Google (s goog) expanded its Cloud Print service today, enabling users to print a Google Doc or Gmail message directly from a web-connected handset. The function is rolling out over the next few days to phones that support an HTML5 browser, although Google specifically notes compatibility devices running on a minimum of Android 2.1 or iOS 3.0 (s aapl). Google’s Cr-48 Chrome OS computers already support the remote printing feature, but it’s clear why Google has added printing to handsets next: Sales of such devices are rising fast, and the apps they run could benefit from remote printing.
Estimates of computer sales indicate roughly 350.9 million sold in 2010, with 93.4 million sales in the last quarter alone. Those numbers are comprised by both desktops and laptops, with the majority now being notebook computers; quarterly laptop sales began to surpass those of desktops in 2008. But many of those laptops can already print to shared printers on a home or enterprise network. Enter the smartphone, which typically doesn’t have the ability to print and is on pace to start outselling traditional desktops and laptops combined.
Google’s Cloud Printing on phones targets a user base that’s growing quickly, especially in the U.S., where 50 percent of consumers are expected to use a smartphone by the end of this year. In fact, Google’s new print service is initially limited to the U.S. during this first roll-out wave. And the print functionality fits in with another aspect of smartphones: that of mobile apps, where handset owners are using bite-sized chunks of functionality.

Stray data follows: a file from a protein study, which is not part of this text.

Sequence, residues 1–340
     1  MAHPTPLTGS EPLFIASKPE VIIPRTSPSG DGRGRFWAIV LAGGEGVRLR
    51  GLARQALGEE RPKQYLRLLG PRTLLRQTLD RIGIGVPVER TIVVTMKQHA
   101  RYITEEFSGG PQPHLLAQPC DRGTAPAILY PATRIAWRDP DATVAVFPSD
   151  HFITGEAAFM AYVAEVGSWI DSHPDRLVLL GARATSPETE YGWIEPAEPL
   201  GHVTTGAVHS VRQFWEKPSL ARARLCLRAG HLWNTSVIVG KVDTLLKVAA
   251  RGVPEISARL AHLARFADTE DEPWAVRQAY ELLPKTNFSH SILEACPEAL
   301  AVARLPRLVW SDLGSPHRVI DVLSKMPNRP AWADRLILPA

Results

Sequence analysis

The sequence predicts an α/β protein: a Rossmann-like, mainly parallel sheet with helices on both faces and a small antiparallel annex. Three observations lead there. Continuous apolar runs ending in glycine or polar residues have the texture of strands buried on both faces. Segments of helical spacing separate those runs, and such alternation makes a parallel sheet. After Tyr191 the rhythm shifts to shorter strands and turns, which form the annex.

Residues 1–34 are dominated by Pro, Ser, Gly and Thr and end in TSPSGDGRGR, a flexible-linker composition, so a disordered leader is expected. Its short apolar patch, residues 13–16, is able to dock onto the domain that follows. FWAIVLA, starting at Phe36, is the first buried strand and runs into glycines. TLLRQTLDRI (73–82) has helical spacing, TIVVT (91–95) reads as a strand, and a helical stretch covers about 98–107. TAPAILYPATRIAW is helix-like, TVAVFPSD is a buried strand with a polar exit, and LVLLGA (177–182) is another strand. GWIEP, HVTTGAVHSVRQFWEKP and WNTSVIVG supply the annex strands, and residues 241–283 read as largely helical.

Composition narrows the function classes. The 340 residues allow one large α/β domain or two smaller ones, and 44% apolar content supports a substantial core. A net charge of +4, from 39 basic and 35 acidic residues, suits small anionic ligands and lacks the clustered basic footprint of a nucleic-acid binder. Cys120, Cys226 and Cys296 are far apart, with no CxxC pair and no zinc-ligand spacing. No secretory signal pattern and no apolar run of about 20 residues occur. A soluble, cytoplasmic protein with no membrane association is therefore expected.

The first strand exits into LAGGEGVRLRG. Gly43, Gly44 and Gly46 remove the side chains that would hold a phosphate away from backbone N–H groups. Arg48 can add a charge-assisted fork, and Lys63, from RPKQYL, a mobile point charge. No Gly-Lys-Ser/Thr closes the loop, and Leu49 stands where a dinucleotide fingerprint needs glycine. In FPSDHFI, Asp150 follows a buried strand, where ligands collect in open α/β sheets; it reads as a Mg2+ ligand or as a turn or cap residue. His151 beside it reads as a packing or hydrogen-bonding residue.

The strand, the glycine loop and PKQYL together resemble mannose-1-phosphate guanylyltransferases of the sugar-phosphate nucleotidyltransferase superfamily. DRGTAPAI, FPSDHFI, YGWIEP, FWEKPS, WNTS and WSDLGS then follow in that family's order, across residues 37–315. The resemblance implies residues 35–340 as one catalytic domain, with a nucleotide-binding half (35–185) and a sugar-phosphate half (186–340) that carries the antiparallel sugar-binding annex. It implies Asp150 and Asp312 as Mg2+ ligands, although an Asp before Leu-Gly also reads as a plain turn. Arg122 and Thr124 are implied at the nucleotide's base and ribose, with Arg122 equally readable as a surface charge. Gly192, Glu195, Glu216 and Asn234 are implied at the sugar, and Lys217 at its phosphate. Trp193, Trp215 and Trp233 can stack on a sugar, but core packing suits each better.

For now, printing from smartphones is limited to Docs and Gmail activities, but when it introduced the Cloud Print service, Google’s stated goal was “to build a printing experience that enables any app (web, desktop, or mobile) on any device to print to any printer anywhere in the world,” meaning any mobile app developer could integrate Google’s Cloud Print service into a smartphone application.
That makes me think of SpringPad, a cross-platform application I use to capture thoughts and notes from. Some of those thoughts might be worth printing out. Or maybe I won’t just buy my movie tickets through Fandango on my phone, but instead I’ll send them to a printer at home so they’re ready to be picked up before the show. And then there’s ToodleDo, the to-do app I use on my handset: Shooting a chore list to the printer for the kids to pick up and handle could mean that their rooms might actually get cleaned. Although it’s rare I print much of anything these days, there are specific times when being able to print something from literally anywhere could bring big benefits.
To be sure, Google’s Cloud Print will eventually find its way to traditional computers in the future as well, but it makes sense for Google to go after the smartphone first; more of our small but valuable task-based activities are taking place on the connected handset, not on the computer.
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